After “perfecting” my own homemade sauces & condiments years ago, I’m now moving on to more complicated things like this homemade sriracha sauce!

First let’s talk about why you would want to make your own sauces in the first place.

  1. You control the ingredients. You don’t need preservatives or artificial anything!
  2. You control the flavor. If you want spicy ketchup, make it a little spicy. Regular yellow mustard or spicy Dijon? Mayo of all kinds! Make it how YOU like it!
  3. Save money! Because honestly if you cook a lot like we do, you could spend a mint on all kinds of sauces & condiments from jarred alfredo & other pasta sauces to things like this homemade sriracha sauce. Not to mention that you run the risk of store bought sauces going bad if you don’t use them up before they expire.
  4. Save space! Keeping all those store bought sauces on hand at all times means you need to be super organized & have a ton of panty space. This way, you can just make whatever you want, whenever you want it. No grocery trips needed!
  5. It’s really fun to experiment, try new things & come up with different flavor profiles.

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Why I decided to try my hand at making homemade sriracha sauce.

We love hot sauce. And we use a lot of it.

There’s so many types of hot sauce with different levels of heat & different flavor profiles that we use for different things.

I use hot homemade tabasco for hot wings, on eggs, and as a condiment on anything where I want a little extra zing.

We use Valentina hot sauce on things like Jicama Tortilla Snacks, street tacos, hash & eggs, and anything that I want a little less vinegary zing with more Mexican flavor.

Southern “pepper sauce” is literally just unripe/green hot peppers in vinegar. I call it Southern because I’ve never been in a Southern hoe that didn’t have it. It’s absolute perfection on any kind of greens!

We also keep on hand sweet ‘n’ spicy tabasco sauce, and of course sriracha sauce for any Thai or Asian dishes.

Watch this for the background behind me making homemade sriracha. Then read on below for the full recipe.

Yield: 2 16 oz jars

Homemade Sriracha Sauce

Homemade Sriracha Sauce


  • 2 cups of tabasco or cayenne peppers packed in vinegar
  • Raw Apple Cider Vinegar, enough to cover the peppers
  • 1 sliced jalapeño with the seeds
  • 1/4 bell pepper (I'm using green but any will be fine), rough chopped
  • 1/2 medium onion, rough chopped
  • 1-2 cloves of garlic, rough chopped
  • 1 Tbsp of brown sugar


  1. Place all ingredients in a medium saucepot & bring to a boil.
  2. Lower the heat & simmer for 15-20 minutes.
  3. Remove from heat & allow to cool to room temperature.
  4. Using an immersion blender, puree the mixture directly in the pot.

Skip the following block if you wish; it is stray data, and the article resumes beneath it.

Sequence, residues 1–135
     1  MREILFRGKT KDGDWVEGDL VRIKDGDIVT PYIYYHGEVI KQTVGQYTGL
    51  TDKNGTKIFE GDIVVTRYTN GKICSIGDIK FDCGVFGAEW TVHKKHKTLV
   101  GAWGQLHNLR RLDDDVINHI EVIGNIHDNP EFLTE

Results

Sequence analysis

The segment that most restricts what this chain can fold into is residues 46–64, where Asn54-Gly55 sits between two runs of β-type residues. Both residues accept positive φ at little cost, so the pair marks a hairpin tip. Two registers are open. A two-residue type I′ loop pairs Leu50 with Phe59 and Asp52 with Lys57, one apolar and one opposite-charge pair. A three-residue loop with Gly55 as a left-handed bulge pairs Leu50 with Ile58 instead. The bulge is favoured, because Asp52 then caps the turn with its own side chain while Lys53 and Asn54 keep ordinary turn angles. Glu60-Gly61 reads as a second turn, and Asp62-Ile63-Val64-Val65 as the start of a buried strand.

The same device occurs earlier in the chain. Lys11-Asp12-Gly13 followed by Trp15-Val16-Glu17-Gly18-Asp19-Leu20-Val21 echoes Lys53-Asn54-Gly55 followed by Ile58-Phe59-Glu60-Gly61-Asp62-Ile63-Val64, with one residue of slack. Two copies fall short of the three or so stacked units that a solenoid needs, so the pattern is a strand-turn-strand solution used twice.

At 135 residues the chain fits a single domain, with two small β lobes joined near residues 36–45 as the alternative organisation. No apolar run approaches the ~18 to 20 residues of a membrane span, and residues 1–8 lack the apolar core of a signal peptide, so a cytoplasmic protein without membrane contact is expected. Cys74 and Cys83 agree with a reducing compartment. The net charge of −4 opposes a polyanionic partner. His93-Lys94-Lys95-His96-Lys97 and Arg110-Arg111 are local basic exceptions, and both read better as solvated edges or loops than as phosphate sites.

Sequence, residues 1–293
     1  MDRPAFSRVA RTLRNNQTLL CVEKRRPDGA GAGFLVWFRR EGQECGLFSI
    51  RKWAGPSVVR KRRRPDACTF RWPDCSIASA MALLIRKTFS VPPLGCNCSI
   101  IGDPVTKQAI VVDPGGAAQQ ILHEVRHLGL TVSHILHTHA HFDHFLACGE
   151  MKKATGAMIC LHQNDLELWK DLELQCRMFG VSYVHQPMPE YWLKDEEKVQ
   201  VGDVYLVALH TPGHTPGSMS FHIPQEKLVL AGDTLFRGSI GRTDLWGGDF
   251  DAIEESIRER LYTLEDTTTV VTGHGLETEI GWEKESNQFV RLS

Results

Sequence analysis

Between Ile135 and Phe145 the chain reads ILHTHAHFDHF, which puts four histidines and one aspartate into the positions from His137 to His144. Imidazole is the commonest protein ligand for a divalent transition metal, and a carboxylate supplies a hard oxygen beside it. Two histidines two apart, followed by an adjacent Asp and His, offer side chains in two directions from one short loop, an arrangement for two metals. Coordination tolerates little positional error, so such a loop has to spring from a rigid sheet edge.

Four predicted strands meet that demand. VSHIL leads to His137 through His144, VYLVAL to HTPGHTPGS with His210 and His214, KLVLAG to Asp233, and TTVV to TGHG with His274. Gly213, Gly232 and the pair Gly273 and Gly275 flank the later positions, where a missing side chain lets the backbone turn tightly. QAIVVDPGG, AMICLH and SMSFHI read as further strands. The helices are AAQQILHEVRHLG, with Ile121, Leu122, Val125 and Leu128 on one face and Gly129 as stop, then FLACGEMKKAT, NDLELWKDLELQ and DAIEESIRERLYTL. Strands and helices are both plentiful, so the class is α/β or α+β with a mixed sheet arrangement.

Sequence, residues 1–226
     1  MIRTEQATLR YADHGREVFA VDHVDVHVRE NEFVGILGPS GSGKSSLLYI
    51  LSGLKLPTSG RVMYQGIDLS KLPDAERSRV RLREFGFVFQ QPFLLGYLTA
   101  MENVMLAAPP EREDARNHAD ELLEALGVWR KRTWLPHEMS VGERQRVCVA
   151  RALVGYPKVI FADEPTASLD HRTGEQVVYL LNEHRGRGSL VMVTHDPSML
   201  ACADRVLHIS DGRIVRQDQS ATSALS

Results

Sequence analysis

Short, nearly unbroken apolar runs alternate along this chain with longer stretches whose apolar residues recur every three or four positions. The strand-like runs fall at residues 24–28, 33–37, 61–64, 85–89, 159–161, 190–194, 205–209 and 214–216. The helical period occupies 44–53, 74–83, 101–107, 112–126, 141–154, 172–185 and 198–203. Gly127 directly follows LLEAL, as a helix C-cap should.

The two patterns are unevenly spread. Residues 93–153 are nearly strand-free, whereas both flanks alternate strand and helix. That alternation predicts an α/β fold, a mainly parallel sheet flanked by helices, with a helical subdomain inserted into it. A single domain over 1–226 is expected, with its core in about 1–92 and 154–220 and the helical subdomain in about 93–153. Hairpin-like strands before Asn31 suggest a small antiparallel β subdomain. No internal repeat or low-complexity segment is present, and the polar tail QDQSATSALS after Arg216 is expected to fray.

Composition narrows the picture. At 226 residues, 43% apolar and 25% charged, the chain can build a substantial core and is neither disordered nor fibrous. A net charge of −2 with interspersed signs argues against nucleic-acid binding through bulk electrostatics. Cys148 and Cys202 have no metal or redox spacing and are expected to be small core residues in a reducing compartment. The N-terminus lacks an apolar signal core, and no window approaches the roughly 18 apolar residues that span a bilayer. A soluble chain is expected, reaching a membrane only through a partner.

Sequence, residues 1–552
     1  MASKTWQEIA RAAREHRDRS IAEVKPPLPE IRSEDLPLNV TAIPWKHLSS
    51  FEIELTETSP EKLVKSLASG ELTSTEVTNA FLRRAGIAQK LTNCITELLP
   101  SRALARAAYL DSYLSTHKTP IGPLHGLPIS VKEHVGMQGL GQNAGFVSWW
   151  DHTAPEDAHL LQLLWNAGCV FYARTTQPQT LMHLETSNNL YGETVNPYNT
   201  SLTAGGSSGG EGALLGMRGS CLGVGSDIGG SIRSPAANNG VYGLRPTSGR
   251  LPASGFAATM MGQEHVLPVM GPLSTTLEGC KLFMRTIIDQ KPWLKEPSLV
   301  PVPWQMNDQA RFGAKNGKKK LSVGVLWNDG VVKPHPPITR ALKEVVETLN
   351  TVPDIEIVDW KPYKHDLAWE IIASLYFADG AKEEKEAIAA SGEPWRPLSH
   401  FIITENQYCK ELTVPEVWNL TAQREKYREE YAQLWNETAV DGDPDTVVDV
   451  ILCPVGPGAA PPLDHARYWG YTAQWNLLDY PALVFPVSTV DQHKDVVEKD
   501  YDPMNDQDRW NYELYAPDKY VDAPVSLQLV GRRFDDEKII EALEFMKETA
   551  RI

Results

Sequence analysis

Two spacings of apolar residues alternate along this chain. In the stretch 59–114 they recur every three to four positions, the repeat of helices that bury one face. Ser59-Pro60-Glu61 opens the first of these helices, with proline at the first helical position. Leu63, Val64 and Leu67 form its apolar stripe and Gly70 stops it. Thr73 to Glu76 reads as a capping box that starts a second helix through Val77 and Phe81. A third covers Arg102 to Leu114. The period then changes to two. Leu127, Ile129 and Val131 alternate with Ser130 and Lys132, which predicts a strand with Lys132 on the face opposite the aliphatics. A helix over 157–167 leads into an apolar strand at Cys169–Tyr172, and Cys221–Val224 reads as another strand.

5. Add the brown sugar, blend.
  6. Strain the mixture into a bowl, reserve the pulp & put it back in to the pot with a few table spoons of the smooth strained sauce.
  7. Cook that down, let cool, & blend again. We want all of the flavor with as little pulp/waste as possible.
  8. Working in batches, pour the cooled mixture in to the blender. I use a Nutribullet with the extractor blade. The mixture should be smooth but thick with a little texture.
  9. TASTE YOUR SAUCE. Yes taste just a tiny amount. If you can't take the spice have someone in your home taste it. You're looking for heat with a depth of flavor; if you're used to buying sriracha you know the flavor profile.
  10. Adjust your flavors if needed - more ACV, a little sugar, etc.

Use a funnel to pour your homemade Sriracha into jars. Label & allow to completely cool. Once capped, this can be stored in the cabinet, pantry or fridge until ready to use.

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  1. Did the peppers come from your garden? This would be a good way to use them. I was born and raised in the South but I’m not a fan of hot sauce. I have dared to try 2 drops in greens. It was okay but, I wouldn’t miss it. I’m wondering what the atmosphere in your kitchen was like. Did the cooking of all those peppers water your eyes or make your nose run? However, I remember hearing someplace that the capsaicin in the peppers does have some type of helpful medicinal properties. I just can’t remember what. Enjoy your sauces.🔥🔥🔥

    1. Yes they did come from the garden! I have read that the capsaicin helps with metabolism & inflammation but I can’t imagine eating enough to do that. This is purely for flavor & making it yourself gives full control of the heat level too. Cooking them down & pureeing didn’t cause any irritation, only the strong smell of vinegar which actually acts as an air freshener & dissipates after a short time.
      These are great questions! Thank you so much for stopping by!